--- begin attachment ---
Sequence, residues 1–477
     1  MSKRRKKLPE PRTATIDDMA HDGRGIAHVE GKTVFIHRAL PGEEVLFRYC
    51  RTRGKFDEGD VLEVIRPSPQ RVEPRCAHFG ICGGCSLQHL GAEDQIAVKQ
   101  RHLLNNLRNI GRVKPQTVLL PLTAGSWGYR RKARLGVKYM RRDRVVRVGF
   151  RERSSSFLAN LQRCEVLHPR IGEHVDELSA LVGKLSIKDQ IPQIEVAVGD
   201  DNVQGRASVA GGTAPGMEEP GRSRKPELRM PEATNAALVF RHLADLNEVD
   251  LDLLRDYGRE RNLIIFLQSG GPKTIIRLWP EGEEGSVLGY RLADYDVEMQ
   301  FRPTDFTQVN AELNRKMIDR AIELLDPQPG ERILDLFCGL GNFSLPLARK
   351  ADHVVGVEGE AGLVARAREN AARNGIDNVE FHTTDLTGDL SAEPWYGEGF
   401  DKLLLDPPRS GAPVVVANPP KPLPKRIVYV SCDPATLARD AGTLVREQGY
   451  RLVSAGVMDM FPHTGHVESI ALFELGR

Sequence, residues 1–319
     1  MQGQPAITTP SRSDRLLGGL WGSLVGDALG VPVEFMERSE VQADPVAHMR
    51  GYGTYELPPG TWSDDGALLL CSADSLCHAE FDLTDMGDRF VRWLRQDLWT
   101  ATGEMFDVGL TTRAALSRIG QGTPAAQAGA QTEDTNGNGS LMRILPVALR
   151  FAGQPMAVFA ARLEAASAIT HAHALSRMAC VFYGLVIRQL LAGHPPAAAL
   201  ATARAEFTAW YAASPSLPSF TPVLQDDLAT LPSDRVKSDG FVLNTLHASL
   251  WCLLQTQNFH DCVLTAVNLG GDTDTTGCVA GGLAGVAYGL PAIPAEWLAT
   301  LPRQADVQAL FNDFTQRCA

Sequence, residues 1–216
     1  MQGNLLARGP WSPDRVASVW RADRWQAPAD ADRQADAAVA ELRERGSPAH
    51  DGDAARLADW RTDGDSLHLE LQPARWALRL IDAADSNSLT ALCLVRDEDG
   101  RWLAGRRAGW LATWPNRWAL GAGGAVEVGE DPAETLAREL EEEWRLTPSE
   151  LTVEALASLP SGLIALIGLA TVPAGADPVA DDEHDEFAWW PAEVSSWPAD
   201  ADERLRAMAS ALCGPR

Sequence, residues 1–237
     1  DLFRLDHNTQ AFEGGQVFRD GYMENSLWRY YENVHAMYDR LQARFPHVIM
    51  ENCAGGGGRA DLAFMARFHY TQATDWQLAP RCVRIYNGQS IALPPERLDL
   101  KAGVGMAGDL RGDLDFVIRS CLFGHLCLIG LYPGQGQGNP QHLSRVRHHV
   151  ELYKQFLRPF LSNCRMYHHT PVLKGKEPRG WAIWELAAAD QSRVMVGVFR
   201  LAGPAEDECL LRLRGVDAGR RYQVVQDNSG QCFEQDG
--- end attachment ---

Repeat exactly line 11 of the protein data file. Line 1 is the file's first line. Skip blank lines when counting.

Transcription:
   451  RLVSAGVMDM FPHTGHVESI ALFELGR